It was in 1975 that the monk-turned-film-maker Godfrey Reggio decided to make "metaphysical films". He'd spent the previous 14 years in silence and prayer as a member of the contemplative religious order the Christian Brothers. Now the fame of Reggio's Qatsi Trilogy precedes him. He describes the work as essays of visual images and sound, which document "the metamorphosis of old nature to the new technological world. My films are not aimed at the mind, but at the solar plexus.
"I was working with street gangs and delinquents, and I saw Luis Buñuel's Los Olvidados (The Young and the Damned) and I had a spiritual experience," he recalls. "I decided that I would like to use film to express the sensibility of facing this world; not psychological films, but metaphysical in nature."
Reggio had a hard time convincing Philip Glass, the composer, to create the music for his debut film, Koyaanisqatsi, released in 1983 (the title is a Hopi Indian word meaning "life out of balance"). "But when I showed him some preliminary footage, it blew his mind," says Reggio. The trilogy, which includes Powaqqatsi ("life in transformation") and Naqoyqatsi ("life as war"), will be screened while Glass and his ensemble perform live accompaniment under the conductor Michael Riesman.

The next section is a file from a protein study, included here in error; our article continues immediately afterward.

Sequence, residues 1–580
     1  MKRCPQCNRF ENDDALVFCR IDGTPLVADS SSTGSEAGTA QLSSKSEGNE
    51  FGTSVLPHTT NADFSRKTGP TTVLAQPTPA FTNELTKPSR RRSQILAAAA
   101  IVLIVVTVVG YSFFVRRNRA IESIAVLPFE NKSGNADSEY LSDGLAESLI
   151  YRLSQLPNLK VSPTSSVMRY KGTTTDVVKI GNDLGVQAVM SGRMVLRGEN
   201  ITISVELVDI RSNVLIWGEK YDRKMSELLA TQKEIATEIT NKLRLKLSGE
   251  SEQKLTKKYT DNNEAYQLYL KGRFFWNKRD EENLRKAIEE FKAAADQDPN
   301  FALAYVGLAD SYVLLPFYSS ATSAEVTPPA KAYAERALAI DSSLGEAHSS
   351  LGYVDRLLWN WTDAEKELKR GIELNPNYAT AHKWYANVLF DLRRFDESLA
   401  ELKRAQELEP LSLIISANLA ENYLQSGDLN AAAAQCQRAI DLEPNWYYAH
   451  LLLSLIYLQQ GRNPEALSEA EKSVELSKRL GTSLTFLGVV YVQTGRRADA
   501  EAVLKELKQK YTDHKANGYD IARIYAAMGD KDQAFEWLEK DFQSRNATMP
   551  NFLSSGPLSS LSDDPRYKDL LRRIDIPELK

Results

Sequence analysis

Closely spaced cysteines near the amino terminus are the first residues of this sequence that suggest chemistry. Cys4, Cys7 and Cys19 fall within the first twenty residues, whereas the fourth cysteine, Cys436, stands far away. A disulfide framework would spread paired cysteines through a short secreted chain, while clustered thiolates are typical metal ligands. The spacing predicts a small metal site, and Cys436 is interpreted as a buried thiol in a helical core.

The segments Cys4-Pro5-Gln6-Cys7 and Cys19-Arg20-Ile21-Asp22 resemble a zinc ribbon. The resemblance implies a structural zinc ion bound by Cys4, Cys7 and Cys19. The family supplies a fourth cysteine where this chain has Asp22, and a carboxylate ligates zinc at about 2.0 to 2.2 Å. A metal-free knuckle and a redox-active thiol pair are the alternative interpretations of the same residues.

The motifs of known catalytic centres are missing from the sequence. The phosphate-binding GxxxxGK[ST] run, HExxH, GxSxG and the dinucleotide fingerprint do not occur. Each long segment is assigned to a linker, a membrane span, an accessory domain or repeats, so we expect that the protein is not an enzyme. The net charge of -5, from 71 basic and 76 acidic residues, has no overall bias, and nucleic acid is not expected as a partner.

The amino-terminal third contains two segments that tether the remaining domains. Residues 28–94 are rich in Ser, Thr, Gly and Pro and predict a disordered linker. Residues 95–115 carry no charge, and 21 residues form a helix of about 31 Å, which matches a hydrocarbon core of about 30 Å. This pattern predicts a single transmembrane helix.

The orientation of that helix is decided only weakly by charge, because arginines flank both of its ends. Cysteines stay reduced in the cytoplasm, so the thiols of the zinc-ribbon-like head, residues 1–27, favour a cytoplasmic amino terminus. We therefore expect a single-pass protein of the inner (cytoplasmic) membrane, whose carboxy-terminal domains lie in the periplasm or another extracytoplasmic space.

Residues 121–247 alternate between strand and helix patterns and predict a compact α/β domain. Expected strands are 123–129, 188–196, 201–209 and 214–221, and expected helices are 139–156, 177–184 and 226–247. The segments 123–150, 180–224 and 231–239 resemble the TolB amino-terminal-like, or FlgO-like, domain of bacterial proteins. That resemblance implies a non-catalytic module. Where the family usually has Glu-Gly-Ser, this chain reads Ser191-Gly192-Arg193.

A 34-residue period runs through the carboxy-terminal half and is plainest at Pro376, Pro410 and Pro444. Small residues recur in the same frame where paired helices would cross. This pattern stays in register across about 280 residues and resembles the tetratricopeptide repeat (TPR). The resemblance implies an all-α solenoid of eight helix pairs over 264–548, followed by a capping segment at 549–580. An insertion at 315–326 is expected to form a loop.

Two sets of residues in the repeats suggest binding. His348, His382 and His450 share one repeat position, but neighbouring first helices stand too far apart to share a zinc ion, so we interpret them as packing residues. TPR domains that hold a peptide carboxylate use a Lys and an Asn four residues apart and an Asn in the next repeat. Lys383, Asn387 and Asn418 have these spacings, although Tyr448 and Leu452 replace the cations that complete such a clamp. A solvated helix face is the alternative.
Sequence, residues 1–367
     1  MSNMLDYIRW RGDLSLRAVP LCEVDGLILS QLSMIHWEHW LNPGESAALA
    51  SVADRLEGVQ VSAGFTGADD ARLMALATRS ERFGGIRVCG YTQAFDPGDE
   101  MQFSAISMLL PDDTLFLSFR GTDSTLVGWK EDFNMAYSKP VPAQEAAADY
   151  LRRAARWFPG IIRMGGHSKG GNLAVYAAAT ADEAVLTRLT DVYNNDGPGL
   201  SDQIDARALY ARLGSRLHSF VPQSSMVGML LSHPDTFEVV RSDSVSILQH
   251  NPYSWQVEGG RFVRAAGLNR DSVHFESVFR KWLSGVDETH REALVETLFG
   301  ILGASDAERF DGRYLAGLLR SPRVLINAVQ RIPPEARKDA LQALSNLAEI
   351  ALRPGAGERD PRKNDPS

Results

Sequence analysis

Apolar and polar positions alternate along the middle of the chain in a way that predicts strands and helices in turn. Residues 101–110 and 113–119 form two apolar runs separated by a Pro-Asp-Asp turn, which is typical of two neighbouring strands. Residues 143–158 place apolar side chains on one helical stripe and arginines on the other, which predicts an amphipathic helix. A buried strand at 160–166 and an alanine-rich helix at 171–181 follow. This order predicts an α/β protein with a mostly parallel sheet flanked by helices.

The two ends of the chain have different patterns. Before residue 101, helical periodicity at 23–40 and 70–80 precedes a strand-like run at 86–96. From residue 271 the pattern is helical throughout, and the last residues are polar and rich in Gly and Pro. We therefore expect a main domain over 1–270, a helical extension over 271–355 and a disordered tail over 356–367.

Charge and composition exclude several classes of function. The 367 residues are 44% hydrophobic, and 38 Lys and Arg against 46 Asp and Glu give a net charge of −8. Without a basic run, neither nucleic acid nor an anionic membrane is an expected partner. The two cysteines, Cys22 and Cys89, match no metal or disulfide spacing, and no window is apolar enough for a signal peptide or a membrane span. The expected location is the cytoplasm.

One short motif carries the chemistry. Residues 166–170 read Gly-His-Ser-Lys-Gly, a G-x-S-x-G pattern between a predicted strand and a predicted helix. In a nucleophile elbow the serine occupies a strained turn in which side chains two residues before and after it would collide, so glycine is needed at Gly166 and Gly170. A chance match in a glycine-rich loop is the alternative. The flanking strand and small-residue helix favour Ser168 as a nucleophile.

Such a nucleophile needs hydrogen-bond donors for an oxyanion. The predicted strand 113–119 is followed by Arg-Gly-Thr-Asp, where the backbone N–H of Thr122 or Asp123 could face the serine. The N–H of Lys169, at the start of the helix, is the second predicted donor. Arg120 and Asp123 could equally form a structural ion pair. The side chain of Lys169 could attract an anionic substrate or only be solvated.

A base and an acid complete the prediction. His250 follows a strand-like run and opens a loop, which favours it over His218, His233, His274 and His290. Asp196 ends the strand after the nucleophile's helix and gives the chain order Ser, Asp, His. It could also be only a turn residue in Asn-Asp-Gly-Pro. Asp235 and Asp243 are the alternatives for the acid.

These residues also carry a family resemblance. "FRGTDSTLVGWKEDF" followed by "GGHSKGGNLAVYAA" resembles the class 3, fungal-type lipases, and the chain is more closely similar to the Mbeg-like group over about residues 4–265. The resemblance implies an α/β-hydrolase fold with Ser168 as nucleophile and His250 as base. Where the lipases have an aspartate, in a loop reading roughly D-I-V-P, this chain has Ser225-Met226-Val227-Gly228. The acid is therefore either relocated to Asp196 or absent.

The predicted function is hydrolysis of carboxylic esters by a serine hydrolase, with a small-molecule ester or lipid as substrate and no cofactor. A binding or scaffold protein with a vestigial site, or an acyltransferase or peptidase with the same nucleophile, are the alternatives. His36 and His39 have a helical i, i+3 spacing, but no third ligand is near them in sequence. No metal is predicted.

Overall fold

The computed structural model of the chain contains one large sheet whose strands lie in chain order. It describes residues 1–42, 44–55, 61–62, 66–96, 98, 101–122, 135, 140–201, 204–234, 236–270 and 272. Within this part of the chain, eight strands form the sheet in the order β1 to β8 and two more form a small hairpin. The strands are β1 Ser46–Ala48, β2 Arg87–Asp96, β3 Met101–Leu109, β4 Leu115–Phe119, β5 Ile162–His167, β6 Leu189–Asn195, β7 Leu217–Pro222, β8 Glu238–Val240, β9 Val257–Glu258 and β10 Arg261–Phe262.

The film's role, says Reggio, is "to provoke, to raise questions that only the audience can answer". He likens the experience to watching a sunset. "If you were looking at a sunset, you wouldn't ask me: 'What is the meaning?'" he says. "It would be a stupid question. It could be meaningful. So I have tried to create a meaningful experience in my films. This is the highest value of any work of art, not predetermined meaning, but meaning gleaned from the experience of the encounter."
Reggio is looking for funding for Savage Eden, "a comedic cinematic opera" that will be his first film to feature actors.
Wednesday to 2 December (0870 040 2000; www.wmc.org.uk)Reuse content